Saturday, August 19, 2017

White Noise

On Saturday, August 12, violence erupted on the streets of Charlottesville, Virginia as counter-protesters clashed with the Unite the Right rally, supposedly organized to protest the removal of a statue of Confederate General Robert E. Lee. Now three people are dead with many more injured or arrested. 
Far from uniting the right, this event led to stark division within Republican leadership as some GOP leaders strongly condemned President Trump for comments about violence and bigotry "on all sides." Though he later denounced groups such as the KKK and neo-Nazis, he later doubled down on his belief that there were "very fine people" on both sides of this protest. He then took to Twitter expressing sadness at seeing more Confederate monuments removed from public spaces. 
There seems to be some misunderstanding of what Unite the Right actually was. This was not a peaceful protest that got out of hand because a few hooligans showed up. This was organized by known members of white supremacist organizations. This was a racist rally plain and simple. There is no room for ambiguity about it. 
If any "very fine people" showed up to this rally, then I can only assume that they misunderstood what it was about and then immediately joined the counter-protesters or left the area. 
I don't believe for one second that people at the rally had any care for the historical value of the statue of Robert E. Lee. If they did, they wouldn't have been carrying Nazi flags and they would've known that the statue was going to be moved to a museum, not destroyed. 
The Civil War is part of our history and heritage. When I was in the Army, I actually saw plaques that honored Civil War soldiers on both sides. The Civil War was fought over states' rights ... to continue slavery. Anyone telling you it wasn't about slavery is simply wrong or lying ... just like Donald Trump is wrong or lying when he says there were fine people marching alongside swastikas and Klan hoods. The average rank and file soldiers of the Confederacy deserve to be memorialized, not as heroes, but as casualties. Most of those men who went to battle for their homes were not slave owners.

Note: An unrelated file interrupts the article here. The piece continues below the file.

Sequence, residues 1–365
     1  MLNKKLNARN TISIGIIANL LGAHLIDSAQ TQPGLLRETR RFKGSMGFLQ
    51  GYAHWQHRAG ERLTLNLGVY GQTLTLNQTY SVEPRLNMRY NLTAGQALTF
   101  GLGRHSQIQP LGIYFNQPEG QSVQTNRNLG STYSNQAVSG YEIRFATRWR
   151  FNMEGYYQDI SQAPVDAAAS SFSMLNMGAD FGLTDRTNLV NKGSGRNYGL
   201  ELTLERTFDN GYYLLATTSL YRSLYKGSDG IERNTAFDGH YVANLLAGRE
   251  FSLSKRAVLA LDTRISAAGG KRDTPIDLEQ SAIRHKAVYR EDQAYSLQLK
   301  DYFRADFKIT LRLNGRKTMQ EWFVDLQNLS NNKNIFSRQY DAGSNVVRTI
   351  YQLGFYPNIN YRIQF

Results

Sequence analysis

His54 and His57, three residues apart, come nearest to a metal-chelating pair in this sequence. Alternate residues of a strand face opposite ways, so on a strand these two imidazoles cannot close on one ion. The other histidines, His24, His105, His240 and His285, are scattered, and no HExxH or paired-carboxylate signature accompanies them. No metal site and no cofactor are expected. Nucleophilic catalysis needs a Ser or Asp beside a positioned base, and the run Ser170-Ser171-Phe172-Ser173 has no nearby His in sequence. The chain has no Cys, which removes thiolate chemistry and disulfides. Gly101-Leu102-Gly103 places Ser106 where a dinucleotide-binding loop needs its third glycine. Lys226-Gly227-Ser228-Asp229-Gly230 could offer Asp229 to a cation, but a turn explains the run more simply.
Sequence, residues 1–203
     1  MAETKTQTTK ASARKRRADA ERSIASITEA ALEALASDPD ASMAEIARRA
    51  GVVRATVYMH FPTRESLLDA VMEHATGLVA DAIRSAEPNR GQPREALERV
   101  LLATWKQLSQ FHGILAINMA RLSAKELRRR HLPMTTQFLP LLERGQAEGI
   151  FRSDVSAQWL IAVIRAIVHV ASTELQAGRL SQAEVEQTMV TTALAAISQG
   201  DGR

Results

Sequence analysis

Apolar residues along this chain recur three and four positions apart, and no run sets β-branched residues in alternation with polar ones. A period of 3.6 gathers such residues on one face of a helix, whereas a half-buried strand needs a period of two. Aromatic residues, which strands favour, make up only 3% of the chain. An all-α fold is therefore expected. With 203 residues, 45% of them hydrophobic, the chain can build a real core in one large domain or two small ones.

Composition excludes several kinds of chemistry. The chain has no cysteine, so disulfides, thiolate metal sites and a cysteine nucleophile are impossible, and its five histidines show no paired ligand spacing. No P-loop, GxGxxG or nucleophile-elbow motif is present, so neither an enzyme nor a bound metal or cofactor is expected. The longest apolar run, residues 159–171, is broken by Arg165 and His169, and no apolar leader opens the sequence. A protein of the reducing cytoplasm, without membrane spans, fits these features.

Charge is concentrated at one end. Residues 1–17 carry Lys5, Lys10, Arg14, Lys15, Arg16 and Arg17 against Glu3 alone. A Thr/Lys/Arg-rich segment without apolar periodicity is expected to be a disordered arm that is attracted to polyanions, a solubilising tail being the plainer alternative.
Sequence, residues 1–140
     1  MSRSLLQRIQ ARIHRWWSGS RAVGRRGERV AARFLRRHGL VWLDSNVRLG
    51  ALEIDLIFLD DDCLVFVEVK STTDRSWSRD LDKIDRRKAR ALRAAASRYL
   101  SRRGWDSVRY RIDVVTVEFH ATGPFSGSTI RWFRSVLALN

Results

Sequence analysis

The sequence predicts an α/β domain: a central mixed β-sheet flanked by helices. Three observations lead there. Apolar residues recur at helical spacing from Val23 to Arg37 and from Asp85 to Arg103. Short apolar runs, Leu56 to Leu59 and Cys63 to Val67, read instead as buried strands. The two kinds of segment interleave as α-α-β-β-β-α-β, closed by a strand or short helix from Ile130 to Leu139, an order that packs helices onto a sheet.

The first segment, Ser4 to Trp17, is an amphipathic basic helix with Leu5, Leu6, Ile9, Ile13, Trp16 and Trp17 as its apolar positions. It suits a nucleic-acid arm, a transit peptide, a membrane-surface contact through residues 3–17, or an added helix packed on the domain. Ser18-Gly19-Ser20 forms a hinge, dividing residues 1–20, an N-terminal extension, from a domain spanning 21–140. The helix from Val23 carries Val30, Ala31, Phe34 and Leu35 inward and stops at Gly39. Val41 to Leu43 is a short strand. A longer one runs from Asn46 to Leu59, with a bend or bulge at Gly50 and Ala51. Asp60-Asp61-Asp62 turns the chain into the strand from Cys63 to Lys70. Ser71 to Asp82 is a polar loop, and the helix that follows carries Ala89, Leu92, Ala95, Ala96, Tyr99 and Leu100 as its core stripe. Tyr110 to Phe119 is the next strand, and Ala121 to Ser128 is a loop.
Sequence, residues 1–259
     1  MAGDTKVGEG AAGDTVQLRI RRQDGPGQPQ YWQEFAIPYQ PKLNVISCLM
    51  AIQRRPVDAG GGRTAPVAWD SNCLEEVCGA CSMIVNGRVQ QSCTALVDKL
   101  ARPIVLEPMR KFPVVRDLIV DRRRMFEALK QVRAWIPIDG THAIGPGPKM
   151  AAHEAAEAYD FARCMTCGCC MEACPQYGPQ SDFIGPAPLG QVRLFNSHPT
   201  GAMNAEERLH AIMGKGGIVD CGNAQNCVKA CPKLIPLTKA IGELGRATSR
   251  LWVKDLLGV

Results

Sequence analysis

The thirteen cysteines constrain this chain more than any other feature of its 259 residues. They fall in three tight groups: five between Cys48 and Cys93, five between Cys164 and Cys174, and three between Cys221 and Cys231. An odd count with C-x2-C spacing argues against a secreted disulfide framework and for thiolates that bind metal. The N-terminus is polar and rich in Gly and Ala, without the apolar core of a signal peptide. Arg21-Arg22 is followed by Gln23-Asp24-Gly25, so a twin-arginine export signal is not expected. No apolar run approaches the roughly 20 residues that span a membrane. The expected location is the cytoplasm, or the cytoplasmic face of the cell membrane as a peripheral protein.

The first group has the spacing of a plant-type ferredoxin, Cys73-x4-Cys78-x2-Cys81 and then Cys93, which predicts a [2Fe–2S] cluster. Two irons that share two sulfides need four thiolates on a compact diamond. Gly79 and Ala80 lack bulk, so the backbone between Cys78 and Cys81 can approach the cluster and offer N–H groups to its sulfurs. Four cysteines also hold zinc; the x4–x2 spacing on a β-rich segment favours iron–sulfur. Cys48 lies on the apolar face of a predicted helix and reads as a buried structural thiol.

Rich people owned slaves. And, as we all know, the rich don't fight in wars. They start wars. It's up to the rest of us to do the killing and dying. 
Lyndon B. Johnson said, "If you can convince the lowest white man he's better than the best colored man, he won't notice you're picking his pockets. Hell, give him somebody to look down on, and he'll empty his pockets for you.
This strategy has been working for years. 
There is hope that has emerged from all this, though. Many Republican leaders, including Mitt Romney and John McCain, have broken ranks with Trump and called for unambiguous condemnation of the racist motivations behind Unite the Right. Perhaps with more competent leadership, the right can truly unite under the banner of what is truly right. 

Sunday, August 13, 2017

Seven Days to Freedom

A co-worker told me that it was just seven days to freedom to kick the smoking addiction. The seven days is what it should take to get over the habit. I take comfort in the fact that I'm at the hardest part at day two. I went for a jog this morning. It's important to keep up an exercise routine during this detox, because I spent a lot of time at my desk stuffing candy in my face. I also spent a little time walking on the trail behind the office. 
I have such a love-hate relationship with tobacco. Quitting feels like a divorce. I know the relationship was bad, and I know I'm better without it. But, I also miss the companionship of my faithful friend and comforter that has been there for me for about 15 years. 
I've caught myself inhaling sharply, breathing deeply, missing the smoke. 
On the other hand, I'm not emptying my wallet to smell like a dumpster fire. 

Three days without a smoke ...
I can tell you one thing for sure. Smoking is an addiction, complete with withdrawal symptoms. It is not a dirty habit or a frivolous luxury. It is drug addiction. Quitting drinking was nowhere near as painful. Not even close. 
I'm walking a lot, so that's good. I've also been munching snacks and candy a lot, so I hope that will counteract too much weight gain.